After nearly 2 decades in public office, Sen. MacKinnon stepping away from politics
After nearly two decades in public office, one of Chugiak-Eagle River’s most prominent politicians is ready for a break.
“The kicker was my grandson said, ‘Grandma, I am ready to come to Juneau and help you get your work done so you can come home,’ ” the 60-year-old from Eagle River said during an interview last week.
MacKinnon announced last month that she will not seek re-election to Senate Seat G, which includes parts of Eagle River, JBER and East Anchorage. She wouldn’t call the decision a retirement from politics, but said she definitely wants to spend time with her husband, John, and their children and grandchildren.
“I’ve probably seen my husband two years out of the four years we’ve been married,” she said.
MacKinnon has represented Eagle River residents in some form or another since 1999, when she was elected to the Anchorage Assembly. After serving at the local level for eight years, MacKinnon moved to the Legislature in 2007, serving in the State House from ‘07 to 2012, then in the State Senate from 2013 to the present.
She said stepping away from Juneau will be hard, especially since the co-chair of the Senate Finance Committee has risen to become one of the state’s most influential lawmakers.
“It’s very hard. It is true what they say that when you know the system you can affect the system,” she said. “I’m at the peak of my career in that I’ve been in the legislature for 12 years and I can stand my ground with the bureaucrats.”
MacKinnon said she’s proud to have helped shepherd a budget through the Legislature this past session, and thinks the decision to limit the draw on the Alaska Permanent Fund to 5.25 percent of the fund’s market value will help stabilize the state’s economy.
“I feel like the ship has been set on a better course in that POMV should stabilize or at least blend volatility with resource earnings,” she said.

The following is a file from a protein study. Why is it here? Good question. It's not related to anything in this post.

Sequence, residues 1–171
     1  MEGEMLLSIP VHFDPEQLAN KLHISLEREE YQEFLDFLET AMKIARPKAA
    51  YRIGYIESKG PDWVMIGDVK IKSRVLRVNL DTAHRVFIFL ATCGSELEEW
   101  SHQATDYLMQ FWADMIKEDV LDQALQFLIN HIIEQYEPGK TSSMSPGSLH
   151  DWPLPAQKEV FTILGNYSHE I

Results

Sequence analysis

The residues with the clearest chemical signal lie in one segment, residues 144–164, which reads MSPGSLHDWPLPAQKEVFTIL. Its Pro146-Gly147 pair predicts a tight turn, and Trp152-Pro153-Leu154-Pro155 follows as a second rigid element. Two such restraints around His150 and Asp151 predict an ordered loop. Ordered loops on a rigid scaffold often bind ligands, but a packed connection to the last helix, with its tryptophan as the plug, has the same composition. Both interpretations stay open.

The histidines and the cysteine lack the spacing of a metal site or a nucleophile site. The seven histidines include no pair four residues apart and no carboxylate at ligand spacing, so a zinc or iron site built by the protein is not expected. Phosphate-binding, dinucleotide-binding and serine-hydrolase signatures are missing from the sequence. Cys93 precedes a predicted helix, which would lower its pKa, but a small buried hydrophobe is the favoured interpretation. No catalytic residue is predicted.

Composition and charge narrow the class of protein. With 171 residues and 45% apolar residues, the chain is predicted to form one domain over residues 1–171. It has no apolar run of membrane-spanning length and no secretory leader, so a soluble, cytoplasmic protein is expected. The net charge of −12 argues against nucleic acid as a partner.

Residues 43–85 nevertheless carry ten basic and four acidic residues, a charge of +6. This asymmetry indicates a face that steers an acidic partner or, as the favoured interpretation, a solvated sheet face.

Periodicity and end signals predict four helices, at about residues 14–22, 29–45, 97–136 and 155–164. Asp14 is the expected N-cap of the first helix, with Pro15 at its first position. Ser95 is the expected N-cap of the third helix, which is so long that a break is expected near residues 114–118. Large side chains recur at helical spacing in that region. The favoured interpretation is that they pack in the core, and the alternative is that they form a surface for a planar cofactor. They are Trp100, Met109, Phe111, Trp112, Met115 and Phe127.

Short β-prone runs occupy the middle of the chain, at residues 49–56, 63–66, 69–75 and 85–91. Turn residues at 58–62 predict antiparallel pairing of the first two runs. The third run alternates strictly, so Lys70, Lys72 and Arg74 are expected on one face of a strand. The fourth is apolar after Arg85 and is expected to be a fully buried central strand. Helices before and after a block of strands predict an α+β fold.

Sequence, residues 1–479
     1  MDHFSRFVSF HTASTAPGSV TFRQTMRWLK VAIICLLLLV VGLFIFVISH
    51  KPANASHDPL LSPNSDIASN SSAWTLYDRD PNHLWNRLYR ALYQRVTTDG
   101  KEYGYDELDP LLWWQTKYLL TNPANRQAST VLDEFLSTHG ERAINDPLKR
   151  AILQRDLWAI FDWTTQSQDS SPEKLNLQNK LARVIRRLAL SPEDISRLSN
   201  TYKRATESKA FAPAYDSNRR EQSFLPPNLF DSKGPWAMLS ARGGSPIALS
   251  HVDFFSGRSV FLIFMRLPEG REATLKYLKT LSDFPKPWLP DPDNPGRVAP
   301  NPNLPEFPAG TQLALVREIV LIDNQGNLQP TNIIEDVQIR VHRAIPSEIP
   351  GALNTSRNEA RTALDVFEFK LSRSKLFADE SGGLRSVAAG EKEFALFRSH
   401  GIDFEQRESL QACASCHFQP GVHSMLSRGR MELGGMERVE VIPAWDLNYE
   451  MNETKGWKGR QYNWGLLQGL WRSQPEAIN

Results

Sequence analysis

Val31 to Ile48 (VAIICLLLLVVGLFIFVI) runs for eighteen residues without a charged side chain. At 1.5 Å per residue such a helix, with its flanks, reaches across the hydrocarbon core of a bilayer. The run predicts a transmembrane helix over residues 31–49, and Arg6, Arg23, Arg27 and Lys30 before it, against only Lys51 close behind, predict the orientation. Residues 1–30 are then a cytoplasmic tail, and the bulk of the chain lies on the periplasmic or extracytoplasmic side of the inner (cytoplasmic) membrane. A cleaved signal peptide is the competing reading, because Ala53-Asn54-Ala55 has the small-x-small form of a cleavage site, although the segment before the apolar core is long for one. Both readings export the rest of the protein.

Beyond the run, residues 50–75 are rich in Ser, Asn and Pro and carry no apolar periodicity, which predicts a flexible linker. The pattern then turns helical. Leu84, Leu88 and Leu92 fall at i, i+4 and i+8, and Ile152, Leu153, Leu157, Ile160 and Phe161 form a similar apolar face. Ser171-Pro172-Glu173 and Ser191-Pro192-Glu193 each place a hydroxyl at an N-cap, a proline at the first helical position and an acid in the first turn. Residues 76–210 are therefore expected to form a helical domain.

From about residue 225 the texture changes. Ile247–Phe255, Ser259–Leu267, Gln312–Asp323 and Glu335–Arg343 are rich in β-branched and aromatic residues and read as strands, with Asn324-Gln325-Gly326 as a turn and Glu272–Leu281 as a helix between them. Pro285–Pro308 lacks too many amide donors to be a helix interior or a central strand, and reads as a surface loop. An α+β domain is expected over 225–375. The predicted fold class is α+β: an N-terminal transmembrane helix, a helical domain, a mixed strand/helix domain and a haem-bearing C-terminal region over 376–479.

Though she’s spent much of her life in Juneau over the past few years, MacKinnon said one of her frustrations was the 90-day session mandated by voters, which she said in many ways worked to slow down the political process.
“The difference going from 120 days to 90 is the public is cut out of the process,” she said.
As of Monday, three candidates had filed to run for MacKinnon’s seat, including Eagle River Republicans Dan Saddler and Lora Reinbold and Eagle River Democrat Oliver Schiess. Saddler and Reinbold currently serve in the Alaska State House, with Saddler representing District 13 and Reinbold serving District 14. The filing deadline is June 1.
MacKinnon said she still has work to do before leaving office, including dealing with constituent concerns and seeing through the implementation of new sexual harassment policies and an initiative to reduce the backlog of rape kits at the state crime lab.
“I want to make sure those policies are appropriately carried out,” she said.
As for who she’d like to replace her, MacKinnon — speaking as a voter — said her only hope is it’s someone with a fiscally conservative background.
“I’ve been a Republican since I was 18 years old and I believe one plus one equals two, and it can only be spent on two dollars worth of items,” she said. “I’m a fiscal conservative that has an eye on what’s happening in our state and I would support someone who does too.”
Email Star editor Matt Tunseth at firstname.lastname@example.org or call 257-4274.
CORRECTION: A previous version of this story misspelled Schiess’s last name and misstated Saddler’s house district.